Diagnosing Chinese history



Professor Ge Zhaoguang, the University’s Doctor of Humanities, honoris causa, has been appointed Honorary Professor by EdUHK. In this interview, this widely-acclaimed historian shares his insight into the study of Chinese history from a global perspective.


Embracing the world with roots in China 


Professor Ge is a professor of the Department of History as well as the founding Dean of the National Institute for Advanced Humanistic Studies of Fudan University. In analysing thousands of years of Chinese history, he often likens his role to a Daifu, a doctor taking a pulse and making a diagnosis accordingly. A proponent of studying China “from its periphery”, this doctor has prescribed “a dose of open-mindedness, to embrace multiple schools of thought” and  “going beyond established mindsets.” 


Professor Ge’s “diversified” historical perspectives emerged in the 1980s, when China was undergoing economic reform and opening up to the rest of the world. During his time at Peking University, where he specialised in classical literature, he engaged in extensive reading of literary texts, philosophy and history. He subsequently published a number of best-selling books, elaborating on his thoughts on the need to go beyond what he calls ‘Sinocentric’ historical perspectives. 

Professor Ge explains that the Chinese people have regarded their dynasties as the centre of the world since ancient times, with the belief that Hua Xia culture was superior to those of peripheral states. This Sinocentric mindset, according to Professor Ge, has remained intact amidst the waves of culture clashes with the outside world throughout different periods of history. It can be traced back to the Southern Song dynasty, when the Chinese began to recognise the vastness of the world they were coming into contact with through flourishing trade. In the Ming and Qing dynasties, there was frequent association with merchants and missionaries from overseas, who brought with them treasures and new religious ideals. Superior armaments were also demonstrated by the Western powers during their ‘Scramble for Concessions’ in China in the 19th century. Nevertheless, the way the Chinese viewed the world remained entrenched.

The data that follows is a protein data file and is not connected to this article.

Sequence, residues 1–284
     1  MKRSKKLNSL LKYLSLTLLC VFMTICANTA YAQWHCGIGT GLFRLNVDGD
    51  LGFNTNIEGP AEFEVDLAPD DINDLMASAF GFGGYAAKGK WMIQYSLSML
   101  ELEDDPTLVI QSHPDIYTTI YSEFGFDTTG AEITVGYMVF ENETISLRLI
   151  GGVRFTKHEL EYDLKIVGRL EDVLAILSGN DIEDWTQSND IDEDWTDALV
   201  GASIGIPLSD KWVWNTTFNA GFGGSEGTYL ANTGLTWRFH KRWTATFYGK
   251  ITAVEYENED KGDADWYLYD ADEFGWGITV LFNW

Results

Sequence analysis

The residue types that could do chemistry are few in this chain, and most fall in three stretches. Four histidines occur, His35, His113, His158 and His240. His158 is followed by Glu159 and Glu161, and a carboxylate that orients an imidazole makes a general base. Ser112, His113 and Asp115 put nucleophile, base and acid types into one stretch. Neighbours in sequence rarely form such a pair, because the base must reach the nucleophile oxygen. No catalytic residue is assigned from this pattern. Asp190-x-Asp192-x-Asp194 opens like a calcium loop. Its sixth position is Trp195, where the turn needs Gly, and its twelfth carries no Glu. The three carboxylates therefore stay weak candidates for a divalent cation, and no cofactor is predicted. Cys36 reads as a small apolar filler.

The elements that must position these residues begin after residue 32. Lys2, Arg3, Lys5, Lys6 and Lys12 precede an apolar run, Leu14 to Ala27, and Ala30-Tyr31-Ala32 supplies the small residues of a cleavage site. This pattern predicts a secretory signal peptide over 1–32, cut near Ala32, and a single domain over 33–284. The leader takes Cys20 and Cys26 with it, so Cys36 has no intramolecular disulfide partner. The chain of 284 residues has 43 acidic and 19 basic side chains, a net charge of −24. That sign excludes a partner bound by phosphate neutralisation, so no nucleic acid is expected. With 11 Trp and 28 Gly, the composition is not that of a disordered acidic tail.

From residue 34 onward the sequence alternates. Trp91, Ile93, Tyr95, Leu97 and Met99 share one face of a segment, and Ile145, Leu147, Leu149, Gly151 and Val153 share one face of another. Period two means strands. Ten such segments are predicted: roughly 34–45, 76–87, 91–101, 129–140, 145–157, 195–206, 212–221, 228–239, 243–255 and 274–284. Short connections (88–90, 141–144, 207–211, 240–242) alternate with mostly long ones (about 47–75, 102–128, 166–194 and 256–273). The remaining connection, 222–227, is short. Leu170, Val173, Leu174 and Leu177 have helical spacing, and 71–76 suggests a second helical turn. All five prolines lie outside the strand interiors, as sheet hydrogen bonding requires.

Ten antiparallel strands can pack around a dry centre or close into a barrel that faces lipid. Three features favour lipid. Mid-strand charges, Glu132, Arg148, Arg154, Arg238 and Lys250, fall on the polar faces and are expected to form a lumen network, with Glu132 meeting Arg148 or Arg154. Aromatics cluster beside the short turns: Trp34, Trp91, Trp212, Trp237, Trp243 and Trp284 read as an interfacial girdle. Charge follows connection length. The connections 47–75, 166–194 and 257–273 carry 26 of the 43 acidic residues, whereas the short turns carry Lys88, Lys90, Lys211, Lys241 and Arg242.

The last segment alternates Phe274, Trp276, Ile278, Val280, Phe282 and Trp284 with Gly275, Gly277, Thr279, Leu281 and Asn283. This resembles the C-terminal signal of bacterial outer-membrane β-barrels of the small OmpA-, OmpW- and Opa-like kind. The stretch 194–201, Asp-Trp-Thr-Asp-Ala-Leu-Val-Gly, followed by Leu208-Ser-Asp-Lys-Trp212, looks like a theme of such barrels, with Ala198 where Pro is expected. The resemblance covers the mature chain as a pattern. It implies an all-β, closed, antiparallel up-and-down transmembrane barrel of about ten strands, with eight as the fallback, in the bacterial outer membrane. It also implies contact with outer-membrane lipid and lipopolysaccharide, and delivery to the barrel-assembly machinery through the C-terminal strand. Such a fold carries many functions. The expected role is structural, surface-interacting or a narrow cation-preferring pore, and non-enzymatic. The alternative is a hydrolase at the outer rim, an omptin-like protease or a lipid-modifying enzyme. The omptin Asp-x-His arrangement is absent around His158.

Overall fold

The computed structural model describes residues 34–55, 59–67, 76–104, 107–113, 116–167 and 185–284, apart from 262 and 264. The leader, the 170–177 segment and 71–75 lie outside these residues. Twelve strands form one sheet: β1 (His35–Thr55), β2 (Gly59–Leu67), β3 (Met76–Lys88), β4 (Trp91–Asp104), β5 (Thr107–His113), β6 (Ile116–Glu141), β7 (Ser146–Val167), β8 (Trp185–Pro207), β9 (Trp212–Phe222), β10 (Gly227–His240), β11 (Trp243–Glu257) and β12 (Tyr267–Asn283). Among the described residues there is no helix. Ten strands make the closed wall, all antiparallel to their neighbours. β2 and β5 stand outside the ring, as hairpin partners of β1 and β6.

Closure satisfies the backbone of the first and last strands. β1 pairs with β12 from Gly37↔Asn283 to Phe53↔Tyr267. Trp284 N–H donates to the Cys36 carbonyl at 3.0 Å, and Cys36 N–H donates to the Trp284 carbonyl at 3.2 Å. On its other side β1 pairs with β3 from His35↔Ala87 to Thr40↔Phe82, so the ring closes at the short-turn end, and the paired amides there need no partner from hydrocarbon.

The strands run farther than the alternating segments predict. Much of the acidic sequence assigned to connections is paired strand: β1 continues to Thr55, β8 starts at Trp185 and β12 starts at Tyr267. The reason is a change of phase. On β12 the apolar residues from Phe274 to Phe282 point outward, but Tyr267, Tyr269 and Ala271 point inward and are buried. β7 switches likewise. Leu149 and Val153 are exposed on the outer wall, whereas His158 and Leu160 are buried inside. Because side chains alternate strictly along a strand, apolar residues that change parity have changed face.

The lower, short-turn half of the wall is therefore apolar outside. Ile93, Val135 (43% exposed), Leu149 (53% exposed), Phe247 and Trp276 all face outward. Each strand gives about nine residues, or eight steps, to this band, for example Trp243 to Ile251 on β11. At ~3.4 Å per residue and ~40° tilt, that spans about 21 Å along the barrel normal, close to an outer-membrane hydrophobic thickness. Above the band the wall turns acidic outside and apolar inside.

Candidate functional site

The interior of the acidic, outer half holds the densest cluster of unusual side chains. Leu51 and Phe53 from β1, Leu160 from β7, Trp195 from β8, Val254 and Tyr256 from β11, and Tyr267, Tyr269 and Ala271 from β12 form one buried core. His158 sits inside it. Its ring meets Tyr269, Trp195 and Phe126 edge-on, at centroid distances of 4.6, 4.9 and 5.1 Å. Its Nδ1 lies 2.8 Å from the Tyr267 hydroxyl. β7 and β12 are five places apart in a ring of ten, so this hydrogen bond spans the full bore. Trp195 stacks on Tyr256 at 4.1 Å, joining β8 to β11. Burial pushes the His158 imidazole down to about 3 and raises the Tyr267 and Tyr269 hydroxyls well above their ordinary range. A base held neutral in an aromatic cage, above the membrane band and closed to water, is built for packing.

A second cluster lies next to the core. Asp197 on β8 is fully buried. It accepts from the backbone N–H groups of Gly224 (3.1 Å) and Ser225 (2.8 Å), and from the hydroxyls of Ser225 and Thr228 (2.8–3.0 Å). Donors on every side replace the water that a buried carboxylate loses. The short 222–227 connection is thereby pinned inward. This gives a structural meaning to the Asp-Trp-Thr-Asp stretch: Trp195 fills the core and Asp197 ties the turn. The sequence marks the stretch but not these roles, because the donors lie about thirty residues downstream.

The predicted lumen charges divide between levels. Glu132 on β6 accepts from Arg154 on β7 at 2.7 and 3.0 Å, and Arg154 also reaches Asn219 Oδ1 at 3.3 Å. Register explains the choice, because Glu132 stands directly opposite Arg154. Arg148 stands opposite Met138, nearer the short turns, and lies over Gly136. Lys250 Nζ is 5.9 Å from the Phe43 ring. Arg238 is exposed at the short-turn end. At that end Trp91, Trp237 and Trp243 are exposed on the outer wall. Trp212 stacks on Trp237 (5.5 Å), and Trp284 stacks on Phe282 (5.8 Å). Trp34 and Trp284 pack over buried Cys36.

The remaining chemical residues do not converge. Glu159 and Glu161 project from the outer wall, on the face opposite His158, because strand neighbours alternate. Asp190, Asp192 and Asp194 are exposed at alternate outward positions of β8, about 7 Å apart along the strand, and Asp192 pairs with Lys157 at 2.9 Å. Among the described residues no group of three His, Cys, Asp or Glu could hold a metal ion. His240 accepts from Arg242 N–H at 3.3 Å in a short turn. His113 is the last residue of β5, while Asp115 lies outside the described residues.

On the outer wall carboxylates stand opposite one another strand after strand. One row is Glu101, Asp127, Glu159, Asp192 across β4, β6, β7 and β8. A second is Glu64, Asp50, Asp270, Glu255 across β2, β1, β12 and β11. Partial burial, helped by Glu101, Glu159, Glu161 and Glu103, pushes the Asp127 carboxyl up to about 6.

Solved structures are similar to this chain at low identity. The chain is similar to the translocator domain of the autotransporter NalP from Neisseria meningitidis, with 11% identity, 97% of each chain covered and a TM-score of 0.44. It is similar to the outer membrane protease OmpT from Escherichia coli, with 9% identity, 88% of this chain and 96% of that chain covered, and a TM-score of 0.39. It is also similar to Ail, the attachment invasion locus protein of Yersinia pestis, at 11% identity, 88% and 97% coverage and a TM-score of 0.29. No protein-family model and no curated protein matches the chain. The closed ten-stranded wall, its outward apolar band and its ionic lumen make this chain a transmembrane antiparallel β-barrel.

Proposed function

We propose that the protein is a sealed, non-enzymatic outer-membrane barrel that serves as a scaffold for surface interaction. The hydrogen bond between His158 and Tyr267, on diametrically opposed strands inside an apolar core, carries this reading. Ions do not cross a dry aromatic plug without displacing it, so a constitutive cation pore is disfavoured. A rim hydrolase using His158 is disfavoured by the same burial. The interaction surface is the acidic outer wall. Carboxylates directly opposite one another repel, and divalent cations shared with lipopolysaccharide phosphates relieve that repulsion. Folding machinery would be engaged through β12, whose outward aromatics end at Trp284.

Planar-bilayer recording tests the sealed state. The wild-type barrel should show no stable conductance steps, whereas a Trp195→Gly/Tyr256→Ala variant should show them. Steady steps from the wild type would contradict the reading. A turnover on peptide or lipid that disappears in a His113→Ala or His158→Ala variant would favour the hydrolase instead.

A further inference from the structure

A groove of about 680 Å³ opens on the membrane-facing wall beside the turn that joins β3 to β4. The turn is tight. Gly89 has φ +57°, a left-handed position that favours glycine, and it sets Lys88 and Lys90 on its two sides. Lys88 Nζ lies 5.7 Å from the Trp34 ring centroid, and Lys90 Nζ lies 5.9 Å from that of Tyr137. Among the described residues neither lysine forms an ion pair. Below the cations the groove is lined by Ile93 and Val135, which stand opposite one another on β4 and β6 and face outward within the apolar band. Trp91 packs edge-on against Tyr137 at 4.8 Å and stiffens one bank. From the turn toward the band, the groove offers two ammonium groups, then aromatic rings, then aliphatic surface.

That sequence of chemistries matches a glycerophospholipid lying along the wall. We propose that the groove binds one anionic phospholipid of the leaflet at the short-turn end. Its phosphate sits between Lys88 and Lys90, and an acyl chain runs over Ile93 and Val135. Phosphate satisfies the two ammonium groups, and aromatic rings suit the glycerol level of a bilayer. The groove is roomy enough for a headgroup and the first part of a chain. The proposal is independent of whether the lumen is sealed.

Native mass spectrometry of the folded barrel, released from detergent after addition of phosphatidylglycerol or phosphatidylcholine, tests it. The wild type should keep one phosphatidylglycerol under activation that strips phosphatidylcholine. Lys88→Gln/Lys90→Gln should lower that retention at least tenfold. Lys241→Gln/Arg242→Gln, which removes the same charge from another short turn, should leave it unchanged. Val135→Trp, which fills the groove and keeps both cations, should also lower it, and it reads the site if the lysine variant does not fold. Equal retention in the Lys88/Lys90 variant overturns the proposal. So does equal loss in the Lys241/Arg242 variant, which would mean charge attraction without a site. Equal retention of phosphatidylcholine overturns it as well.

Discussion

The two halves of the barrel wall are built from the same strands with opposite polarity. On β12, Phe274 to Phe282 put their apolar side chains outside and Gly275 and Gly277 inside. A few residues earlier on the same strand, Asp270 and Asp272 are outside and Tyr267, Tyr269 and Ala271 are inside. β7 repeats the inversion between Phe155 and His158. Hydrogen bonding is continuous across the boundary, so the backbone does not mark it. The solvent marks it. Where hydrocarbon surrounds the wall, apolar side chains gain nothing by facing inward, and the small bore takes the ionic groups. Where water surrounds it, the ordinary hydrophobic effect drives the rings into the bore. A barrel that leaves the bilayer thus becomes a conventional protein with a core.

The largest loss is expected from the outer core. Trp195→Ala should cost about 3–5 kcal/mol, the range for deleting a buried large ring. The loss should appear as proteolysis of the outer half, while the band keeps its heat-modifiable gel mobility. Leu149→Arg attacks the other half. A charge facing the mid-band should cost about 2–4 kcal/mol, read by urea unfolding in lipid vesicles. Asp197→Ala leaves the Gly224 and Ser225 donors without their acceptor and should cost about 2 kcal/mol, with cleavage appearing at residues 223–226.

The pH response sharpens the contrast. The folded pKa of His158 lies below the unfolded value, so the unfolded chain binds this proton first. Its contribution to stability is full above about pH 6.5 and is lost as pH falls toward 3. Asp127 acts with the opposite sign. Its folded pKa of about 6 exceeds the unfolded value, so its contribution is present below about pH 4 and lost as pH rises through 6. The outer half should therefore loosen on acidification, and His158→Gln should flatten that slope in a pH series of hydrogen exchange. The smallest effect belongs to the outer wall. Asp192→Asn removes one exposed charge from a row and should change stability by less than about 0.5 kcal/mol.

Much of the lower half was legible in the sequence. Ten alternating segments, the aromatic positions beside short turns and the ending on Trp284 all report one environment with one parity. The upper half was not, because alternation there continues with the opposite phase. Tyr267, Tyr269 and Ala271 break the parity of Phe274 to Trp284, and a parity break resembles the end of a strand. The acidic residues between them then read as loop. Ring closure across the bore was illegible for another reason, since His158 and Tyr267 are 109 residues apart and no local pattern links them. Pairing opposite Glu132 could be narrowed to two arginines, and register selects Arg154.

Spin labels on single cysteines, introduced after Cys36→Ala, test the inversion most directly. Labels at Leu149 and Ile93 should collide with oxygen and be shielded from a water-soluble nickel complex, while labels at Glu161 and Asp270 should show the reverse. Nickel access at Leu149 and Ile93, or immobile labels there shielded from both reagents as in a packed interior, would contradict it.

Professor Ge claims that this Sinocentric worldview still prevails in modern China, adding that, to some extent, there exists a gap in the understanding of the world. In light of this, he stresses the importance of forming a more holistic worldview through education, and shaping the younger generations as “global citizens with roots in China”. He adds, “There is no conflict between embracing world civilisation, and preserving and promoting Chinese culture.” 


History is more than memorising facts 


Professor Ge says reflections on historical trends can help us understand the present. He is against the idea of teaching history in a monotonous or dogmatic manner. He laments the general over-emphasis on memorisation, which he says prevents students from enjoying learning Chinese history. He concludes by referring to his Daifu analogy, saying that historians need to “identify the causes of a state’s good or bad health.” As a humanities scholar, Professor Ge also practises what he preaches by caring deeply about life, society and his connection with the world. 


Lecturing around the world 


Professor Ge was a visiting scholar and adjunct professor at Princeton University, in the US, Kyoto University and Tokyo University, in Japan, and Katholieke Universiteit Leuven, in Belgium, among others. He values the chance to live and lecture in different parts of the world. He says that meeting with scholars and students in different countries and exchanging ideas is very important to him. “We would be ignorant and narrow-minded if we were to study completely on our own,” he says.